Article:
Justin Rubner

Posts Tagged ‘Acronyms are copy killers’

Why Acronyms are FUBAR, part I

In copywriting on 06/13/2009 at 2:02 am

Pop quiz!

Guess what these business acronyms stand for:

  1. MAC.
  2. SMR.
  3. DSS.
  4. TEM.
  5. BI.
  6. DMS.
  7. VMS.

I’ll stop you. Because there are no right answers. MAC can mean “media access control.” It can also mean “move, adds or changes.” And there are limitless entries for what SMR means. (I saw it recently as a “social media release.”)

The moral of this quiz?Acronyms and marketing copy go together like Sarah Palin and David Letterman. Or the NRA and PETA.

Acronyms are copy killers.

Yes, I hate acronyms.

I can’t hammer this home strongly enough. You obviously can’t avoid all acronyms; some are crucial to your industry and others have become part of our lexicon. But most acronyms are completely unnecessary in marketing, PR (yes, I’m aware that’s an acronym) and editorial copy. Even business-to-business technology marketing copy. In fact, more often than not, they make your websites, press releases and other marketing materials appear second-rate.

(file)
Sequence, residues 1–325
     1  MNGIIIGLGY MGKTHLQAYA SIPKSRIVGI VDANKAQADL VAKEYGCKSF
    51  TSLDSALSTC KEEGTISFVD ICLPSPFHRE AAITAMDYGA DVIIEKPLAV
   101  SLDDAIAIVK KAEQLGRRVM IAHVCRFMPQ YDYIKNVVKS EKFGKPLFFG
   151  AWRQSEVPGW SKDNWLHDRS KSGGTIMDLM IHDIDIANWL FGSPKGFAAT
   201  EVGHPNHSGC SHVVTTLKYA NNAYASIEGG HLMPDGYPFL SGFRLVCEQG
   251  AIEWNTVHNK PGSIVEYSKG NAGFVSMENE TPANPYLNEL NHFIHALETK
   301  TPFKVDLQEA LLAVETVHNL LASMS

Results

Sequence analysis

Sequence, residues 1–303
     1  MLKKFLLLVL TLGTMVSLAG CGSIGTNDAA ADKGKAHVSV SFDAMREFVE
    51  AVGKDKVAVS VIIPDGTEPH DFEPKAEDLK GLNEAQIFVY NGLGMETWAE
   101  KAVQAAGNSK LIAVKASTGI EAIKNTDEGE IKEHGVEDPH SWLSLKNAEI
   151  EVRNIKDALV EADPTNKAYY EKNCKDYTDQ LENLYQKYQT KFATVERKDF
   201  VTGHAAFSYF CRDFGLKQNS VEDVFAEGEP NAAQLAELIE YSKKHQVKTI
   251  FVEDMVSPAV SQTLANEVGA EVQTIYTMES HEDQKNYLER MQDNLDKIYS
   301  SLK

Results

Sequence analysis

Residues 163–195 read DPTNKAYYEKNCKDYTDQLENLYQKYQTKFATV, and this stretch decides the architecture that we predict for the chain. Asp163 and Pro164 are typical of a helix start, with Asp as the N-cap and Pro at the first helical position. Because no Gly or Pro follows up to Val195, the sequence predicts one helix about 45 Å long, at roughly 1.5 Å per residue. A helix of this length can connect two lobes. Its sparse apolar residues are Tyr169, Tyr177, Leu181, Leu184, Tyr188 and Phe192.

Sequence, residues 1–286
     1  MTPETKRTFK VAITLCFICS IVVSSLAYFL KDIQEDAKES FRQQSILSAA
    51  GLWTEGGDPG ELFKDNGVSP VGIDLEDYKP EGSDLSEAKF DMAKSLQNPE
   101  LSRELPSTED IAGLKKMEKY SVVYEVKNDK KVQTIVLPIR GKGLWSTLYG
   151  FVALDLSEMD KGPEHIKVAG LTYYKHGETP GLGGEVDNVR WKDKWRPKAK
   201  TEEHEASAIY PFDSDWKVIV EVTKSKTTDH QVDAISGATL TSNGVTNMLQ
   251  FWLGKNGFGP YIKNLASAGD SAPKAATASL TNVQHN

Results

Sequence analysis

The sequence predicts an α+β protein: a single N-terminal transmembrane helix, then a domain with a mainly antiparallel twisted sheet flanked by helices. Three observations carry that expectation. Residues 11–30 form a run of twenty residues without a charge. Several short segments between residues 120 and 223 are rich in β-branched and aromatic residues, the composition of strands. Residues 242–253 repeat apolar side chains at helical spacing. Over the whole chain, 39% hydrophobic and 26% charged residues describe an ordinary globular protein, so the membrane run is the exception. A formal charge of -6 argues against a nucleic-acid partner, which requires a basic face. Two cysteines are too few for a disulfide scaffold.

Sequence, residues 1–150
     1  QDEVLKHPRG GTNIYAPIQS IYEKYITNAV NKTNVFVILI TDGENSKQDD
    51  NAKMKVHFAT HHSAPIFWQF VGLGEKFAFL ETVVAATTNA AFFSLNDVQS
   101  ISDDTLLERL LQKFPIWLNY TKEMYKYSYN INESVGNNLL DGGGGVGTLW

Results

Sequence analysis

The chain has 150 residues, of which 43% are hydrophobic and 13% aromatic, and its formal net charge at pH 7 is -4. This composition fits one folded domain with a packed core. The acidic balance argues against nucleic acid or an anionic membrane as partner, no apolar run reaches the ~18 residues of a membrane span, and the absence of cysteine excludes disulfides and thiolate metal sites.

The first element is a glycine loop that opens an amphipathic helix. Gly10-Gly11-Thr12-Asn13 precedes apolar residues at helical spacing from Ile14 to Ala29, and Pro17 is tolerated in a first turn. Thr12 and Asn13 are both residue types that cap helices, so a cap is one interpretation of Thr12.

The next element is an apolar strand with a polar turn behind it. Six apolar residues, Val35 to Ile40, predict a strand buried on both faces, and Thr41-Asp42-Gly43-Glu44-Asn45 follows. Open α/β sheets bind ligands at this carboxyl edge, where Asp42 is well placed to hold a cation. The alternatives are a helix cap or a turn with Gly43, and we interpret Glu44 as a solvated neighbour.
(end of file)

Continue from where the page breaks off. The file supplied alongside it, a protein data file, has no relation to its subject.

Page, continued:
You might be saying, “Acronyms make me sound sophisticated.” No, they don’t. Sophistication is explaining your complex technology or business process in a way that anyone understands. Sophistication is not mucking up your copy with capital letters.

CAPITAL LETTERS ARE NOT NICE ON THE EYES. THEY CAN ALSO CAUSE HEADACHES. DO YOU REALLY WANT TO GIVE YOUR PROSPECTS HEADACHES?

Acronyms are copy killers

Acronyms are copy killers

Worse, some–if not many–of your prospects might not understand what you’re saying, at least at first. And that can make them feel unsophisticated. Perhaps even stupid. Do you really want to make them feel like this? Well, if your marketing copy is laden with acronym soup, then you are doing just that. I promise.

Want another reason to substantially lessen your use of acronyms? When we read words, there are certain processes our brains go through in the nanoseconds it takes to read the words and comprehend them. When we read acronyms–they’re simple ciphers, really–it is yet another process our brains have to go through to decipher the gobbledygook that is so common in business-to-business copywriting today.

One of the biggest goals of marketing content, and news copy, is to get your point across without making readers (and their brains) work to much. Acronyms can really make a reader stumble.

Don’t make your readers stumble. Don’t make them feel stupid. And certainly don’t give them headaches!

Well, that’s enough for now. I’ve got to work on a new SOW. You know what they say, right? ADAD.

Oh, and please standby for part II of this blog post.

B4N.

-Justin

Follow

Get every new post delivered to your Inbox.